Tovey’s work ethic hasn’t swayed since. When I ask him if he thinks he’ll ever need to take a year off, he adamantly insists “No, I’d never stop no. You give yourself a holiday and you chill out but I’m a lot happier when I’m working. When I’m not working, the washing piles up, nothing gets posted, things don’t get sorted. As soon as I’m working and I’ve got no time at all, everything is covered, it’s really weird.

“You read so many gay parts and the gay character is always quite a tragic story and there’s always a terrible ending.”

 “I’ve actually told all my friends and put on my Facebook status ‘I’m on lock down’ because I literally have no time to do anything.” Adding with a deliberately tongue-in-cheek tone, “When I do have free time I’m down the gym because I’m topless in this.” Although he admits being in the “average man casting bracket” where there’s no pressure on the number of packs you can boast, he jokes: “I want to hear gasps [on stage]. It’s a Brucey bonus you get with me! You don’t expect it!”

It can’t hurt either for his next adventure which will take him to the bizarre world of pilots’ season in Los Angeles when Sex With A Stranger finishes its run on 25 February. With cult BBC hit Being Human reformatted for US television and an American remake of Him & Her in progress, he’s in the fortunate position of already being on the radar of producers over the pond. “I went before Christmas and did a power week of meeting all the studios and all the casting people”. Laughing, Tovey adds, “Everyone said you’ll go over there and they’ll make you feel like you’re going to change the world and I said ‘okay fine’ and I left and thought ‘I’m going to take over the world’ basically.”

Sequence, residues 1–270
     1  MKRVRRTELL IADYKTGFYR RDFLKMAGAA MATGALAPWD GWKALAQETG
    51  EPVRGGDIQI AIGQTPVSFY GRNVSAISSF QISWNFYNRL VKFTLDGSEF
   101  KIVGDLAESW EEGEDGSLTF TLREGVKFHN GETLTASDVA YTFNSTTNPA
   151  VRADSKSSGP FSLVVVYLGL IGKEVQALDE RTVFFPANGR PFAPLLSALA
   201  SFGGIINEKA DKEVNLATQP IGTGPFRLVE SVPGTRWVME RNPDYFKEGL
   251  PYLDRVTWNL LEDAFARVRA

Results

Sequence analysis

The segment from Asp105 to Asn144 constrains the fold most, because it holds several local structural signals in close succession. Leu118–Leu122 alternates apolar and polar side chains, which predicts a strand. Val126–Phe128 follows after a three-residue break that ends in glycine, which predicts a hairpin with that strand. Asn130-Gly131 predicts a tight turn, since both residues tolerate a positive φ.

Tovey’s decision to leave the BBC’s supernatural drama Being Human after four successful seasons was partly due to his desire to be open for filming elsewhere, but also came down to a gut feeling. “You just know when you know, you know? It was like the end of a relationship when you’ve had a really lovely time, you really care about each other but you know it’s not the one for you. I had a lovely time and then Aidan [Turner, his Being Human co-star] leaving made me sort of go ‘hmmm’ and I’ve been with it a long time playing that character.”

If acting wasn’t enough to keep him busy, Tovey is also taking tentative steps to make his way to the other side of the camera. He is the author of three plays but also, somewhat unfortunately, has a short attention span. “They have all had readings, then they’ve suddenly gone ‘we want to see a second draft or a third draft’ and I think ‘I’m bored of that, I want to write something else now’ so I’ve never followed through with anything.” The actor has also spoken at length about the lack of interesting gay roles, so I wonder if it’s a role he would like to write himself? “Yeah. You read so many gay parts and the gay character is always quite a tragic story and there’s always a terrible ending or they’re terribly lonely or they get AIDS, I just want to play someone who’s kind of sorted, not something that’s going to break boundaries, just something that’s going to tell a different side.”

Different sides is something Tovey has lots of. He may be the cheeky Essex boy I’ve read him described as numerous times, but to me, he mainly stands out as being as interested in and fully engaged with as many things as he possibly can be. When I ask him what he’d be doing if he weren’t acting, without a beat he answers: “When I was a little boy I used to want to be a history teacher,” a passion he manages to get into our conversation during the interview. “If I wasn’t doing that I would do something in contemporary art. I’d be a curator or I’d run a gallery” he adds, before reeling off a list of names of artists he’d love to play.

Perhaps those American casting agents should widen their brackets. An average man he is not.